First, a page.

Once established in forward flight, one thing you will likely notice is the speed; the Osprey is properly quick, easily cruising at just over 250kts, but is very simple in forward flight. The instruments are clear and well laid out, and the aircraft feels responsive flying manually.

For longer sorties, autopilot will be used; as mentioned above, this has some limitations, but it’s perfectly capable of managing the speed, altitude, rate of climb/descent, and heading. It will also follow a flight plan programmed from the World Map.

Landing however is where the Osprey can become somewhat of a handful, and getting it right requires practice and patience. In the transition from forward flight, the aircraft feels especially sensitive, and requires constant pitch and and power adjustments to maintain a consistent vertical speed.

This is also where a unique characteristic of the Osprey comes into play: with nacelles between 80 and 97 degrees, and airspeed below 30kts, the aircraft will roll uncontrollably if descending at more than 1500ft/min.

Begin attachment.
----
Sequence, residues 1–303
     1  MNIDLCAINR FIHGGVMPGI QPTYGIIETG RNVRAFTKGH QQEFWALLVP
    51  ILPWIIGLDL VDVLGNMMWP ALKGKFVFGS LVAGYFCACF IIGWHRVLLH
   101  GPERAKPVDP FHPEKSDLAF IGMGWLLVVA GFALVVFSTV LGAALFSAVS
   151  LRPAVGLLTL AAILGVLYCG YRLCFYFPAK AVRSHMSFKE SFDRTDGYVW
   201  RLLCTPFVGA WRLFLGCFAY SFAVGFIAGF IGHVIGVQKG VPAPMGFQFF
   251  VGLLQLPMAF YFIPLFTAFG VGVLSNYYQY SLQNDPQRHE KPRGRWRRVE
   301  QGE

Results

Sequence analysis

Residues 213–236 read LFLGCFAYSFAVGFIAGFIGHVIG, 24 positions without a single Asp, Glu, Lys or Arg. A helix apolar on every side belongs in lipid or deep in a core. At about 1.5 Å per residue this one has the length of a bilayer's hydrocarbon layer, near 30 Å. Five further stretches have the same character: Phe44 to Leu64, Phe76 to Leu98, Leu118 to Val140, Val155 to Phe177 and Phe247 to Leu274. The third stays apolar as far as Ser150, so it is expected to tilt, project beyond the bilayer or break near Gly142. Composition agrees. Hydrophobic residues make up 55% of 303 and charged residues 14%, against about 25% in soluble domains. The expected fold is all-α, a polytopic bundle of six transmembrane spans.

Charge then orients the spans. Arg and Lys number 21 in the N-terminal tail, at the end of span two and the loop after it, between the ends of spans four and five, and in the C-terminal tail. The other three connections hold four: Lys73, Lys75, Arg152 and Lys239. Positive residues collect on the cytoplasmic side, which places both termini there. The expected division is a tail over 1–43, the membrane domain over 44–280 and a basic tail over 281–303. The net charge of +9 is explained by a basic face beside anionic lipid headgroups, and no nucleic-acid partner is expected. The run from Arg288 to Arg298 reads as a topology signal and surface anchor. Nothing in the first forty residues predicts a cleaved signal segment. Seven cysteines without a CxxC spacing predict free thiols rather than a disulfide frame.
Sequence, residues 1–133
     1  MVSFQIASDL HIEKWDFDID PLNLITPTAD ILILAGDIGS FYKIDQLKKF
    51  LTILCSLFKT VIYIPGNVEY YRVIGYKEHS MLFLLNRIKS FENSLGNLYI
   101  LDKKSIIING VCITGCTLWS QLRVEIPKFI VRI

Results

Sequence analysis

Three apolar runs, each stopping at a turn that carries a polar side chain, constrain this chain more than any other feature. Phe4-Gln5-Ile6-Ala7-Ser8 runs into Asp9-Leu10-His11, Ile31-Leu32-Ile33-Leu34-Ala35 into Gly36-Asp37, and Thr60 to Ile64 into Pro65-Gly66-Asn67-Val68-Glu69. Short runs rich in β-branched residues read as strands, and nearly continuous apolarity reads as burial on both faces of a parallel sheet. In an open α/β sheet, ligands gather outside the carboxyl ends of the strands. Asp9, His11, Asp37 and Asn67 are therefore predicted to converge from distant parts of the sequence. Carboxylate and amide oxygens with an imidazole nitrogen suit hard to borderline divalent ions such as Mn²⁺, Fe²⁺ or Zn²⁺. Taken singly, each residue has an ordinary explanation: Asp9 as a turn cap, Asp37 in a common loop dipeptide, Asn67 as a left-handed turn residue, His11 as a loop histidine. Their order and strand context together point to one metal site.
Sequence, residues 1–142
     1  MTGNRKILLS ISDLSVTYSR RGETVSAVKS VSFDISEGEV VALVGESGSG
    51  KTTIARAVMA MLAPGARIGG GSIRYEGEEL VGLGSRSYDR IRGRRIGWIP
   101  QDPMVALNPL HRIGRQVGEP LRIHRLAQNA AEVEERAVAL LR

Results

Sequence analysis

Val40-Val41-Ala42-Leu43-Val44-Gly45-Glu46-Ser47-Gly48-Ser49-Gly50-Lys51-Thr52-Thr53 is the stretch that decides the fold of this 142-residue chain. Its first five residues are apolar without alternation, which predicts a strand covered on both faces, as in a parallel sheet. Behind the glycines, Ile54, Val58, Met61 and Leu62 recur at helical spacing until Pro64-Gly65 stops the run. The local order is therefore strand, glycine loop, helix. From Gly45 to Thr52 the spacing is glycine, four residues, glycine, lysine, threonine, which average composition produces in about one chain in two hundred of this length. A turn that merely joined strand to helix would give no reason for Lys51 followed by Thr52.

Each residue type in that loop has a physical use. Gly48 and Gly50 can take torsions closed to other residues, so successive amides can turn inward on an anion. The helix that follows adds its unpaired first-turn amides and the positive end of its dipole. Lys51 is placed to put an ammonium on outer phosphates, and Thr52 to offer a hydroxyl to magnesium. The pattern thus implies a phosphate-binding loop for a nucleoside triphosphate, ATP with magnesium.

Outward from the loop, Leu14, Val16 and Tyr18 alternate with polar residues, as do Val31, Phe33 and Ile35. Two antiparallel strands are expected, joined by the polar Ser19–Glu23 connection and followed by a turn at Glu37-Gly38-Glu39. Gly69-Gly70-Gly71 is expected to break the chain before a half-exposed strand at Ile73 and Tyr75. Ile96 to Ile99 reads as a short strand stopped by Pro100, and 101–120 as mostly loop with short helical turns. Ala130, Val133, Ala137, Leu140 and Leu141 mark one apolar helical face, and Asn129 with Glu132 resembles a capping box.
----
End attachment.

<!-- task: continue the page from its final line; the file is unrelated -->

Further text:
It’s actually surprisingly challenging to manage this: the PFD has a red band on the vertical speed indicator (shown above) which provides a helpful reference, but the rate of descent can change very suddenly during the transition ahead of landing, at which point a loud alarm will start to sound.

Perhaps thankfully for some, this characteristic can be disabled by switching “Flight Reality” to “easy” within the CDU.

Approaching and landing on a carrier is a really satisfying experience. Miltech has a range of both static and moving carriers and ships available, including those from the US Navy and Royal Navy. These models are fantastic, and provide a host of new ways in which the Osprey can be operated: HMS Queen Elizabeth and her escorts are featured below.